Separate names with a comma.
Discussion in 'Himalayan Imports' started by Daniel Koster, Dec 9, 2002.
Email them to me and I'll get em posted for you.
Steven, those dings are my falt. Was using the knife in the kitchen right before packing it. It accidentally slipped out of my wet hands and landed on my new tile floor.. Luckily all that happened were those dings and a few dings in the tile.
Steven: Only the area around the center of percussion is tempered up to around 60 rockwell. The rest of the blade is left relatively soft for shock absorbtion.
"The designs on the sides of the blade were a very nice touch. How are those put on there?"--Steven Roos
Uh, that was my special addition, with Pen's permission.
That is a Ferric Chloride etch. I've been etching blades with various chemicals for 5 years, and this stuff works the best. I use boxing tape and Staedler Red Permanent art markers as a resist. The etch itself took five or ten minutes.
Ferric Chloride is commonly found at Radio Shack, and is used in the computer hardware industry to etch the copper layers of breadboards into circuits.
It will etch iron, hi carbon steel, copper, all copper alloys. I mix 1 part distilled water to 1 part Ferric Chloride. It is a relatively safe etchant designed to cut fast and straight.
Pics from Shappa:
The Packing box:
More to follow.
by the time this gets back, the box will be more valuable as a collectors item than the knife itself...
By the time it gets to me I will have to email you for the instructions on opening it since I've long forgotten the original.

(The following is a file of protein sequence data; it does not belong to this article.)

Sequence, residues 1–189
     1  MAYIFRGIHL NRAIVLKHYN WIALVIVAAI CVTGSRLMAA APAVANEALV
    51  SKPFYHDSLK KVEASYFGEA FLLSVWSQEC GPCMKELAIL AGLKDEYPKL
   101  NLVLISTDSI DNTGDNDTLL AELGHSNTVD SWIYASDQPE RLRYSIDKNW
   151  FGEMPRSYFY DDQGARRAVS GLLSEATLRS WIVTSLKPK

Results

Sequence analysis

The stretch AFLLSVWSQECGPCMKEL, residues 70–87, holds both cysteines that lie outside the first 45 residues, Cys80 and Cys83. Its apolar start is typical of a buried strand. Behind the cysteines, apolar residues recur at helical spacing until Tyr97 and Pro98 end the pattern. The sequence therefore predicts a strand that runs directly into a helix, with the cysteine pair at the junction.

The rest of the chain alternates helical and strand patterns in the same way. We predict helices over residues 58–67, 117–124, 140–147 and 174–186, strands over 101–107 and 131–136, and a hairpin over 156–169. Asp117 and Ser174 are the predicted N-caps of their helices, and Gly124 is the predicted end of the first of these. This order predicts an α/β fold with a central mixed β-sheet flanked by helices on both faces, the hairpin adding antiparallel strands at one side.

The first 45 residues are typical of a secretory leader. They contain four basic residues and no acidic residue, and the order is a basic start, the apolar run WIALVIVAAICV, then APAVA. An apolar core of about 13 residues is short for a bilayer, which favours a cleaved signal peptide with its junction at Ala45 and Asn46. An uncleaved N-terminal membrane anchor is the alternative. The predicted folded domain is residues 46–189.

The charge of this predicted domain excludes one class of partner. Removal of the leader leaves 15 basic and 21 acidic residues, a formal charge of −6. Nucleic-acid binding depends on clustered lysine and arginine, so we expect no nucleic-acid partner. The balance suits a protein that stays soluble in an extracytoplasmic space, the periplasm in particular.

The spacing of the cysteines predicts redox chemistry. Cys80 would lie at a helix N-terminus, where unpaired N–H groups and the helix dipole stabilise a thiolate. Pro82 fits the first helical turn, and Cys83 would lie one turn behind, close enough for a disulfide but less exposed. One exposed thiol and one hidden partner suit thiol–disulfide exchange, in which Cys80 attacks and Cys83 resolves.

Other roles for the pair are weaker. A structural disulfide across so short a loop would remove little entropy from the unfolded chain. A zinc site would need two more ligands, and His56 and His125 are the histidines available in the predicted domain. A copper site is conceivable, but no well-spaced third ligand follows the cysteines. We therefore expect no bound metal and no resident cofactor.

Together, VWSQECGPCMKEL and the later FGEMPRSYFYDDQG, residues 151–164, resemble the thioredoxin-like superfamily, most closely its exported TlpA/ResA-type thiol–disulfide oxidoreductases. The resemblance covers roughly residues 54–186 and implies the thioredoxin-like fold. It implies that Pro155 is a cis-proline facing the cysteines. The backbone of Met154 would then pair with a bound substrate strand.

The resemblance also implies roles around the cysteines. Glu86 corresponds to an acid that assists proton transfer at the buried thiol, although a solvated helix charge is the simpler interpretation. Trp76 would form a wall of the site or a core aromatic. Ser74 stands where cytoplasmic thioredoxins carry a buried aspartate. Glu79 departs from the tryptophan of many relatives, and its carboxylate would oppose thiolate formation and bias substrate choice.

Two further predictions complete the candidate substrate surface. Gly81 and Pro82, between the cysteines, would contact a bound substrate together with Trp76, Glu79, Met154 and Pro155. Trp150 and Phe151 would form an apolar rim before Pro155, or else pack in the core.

Seems as if there was a box inside a box?
Pretty much. Two long triangle shapes, one slides inside the other.
Don't worry I won't keep it too long. I'll try to get it out on Sat.
Yep one box inside another and they are tight and snug.
Pics sent to heber. I think I got them smaller than the "box" pic. I hope I didn't send him too many. He can pick and chose which to post if that is the case and I'll come behind and give a description and report.
It got some professional kitchen use last night. The boss saw it in use last night and just shook his head and kept walking.
I hope you washed it before shipping.
Did you cut through the ribs on that chunk of meat?
That looks like a kumar boning knife. It's huge!
Cool, shappa! You have some good taste in kitchen knives. But hey, you're a pro!
Love the pix, expecially the skull (what was on the menu that night) and the one with the huge side o beef.
Are HI products dishwasher safe?
O.K. here we go! First off these pics were just taken on the fly. If i had the time they would be much better.
Pic #1 Just an overall shot, trying to show the etching. The etching is deep and isn't going to come out unless a concentrated effort is made to do so. The knife is starting to develop some "character". A few scratches a few blemishes. There is a hairline crack in the horn handle just behind the bolster. I don't think it will go anywhere.
pic 2 a close up of the etching...nice work.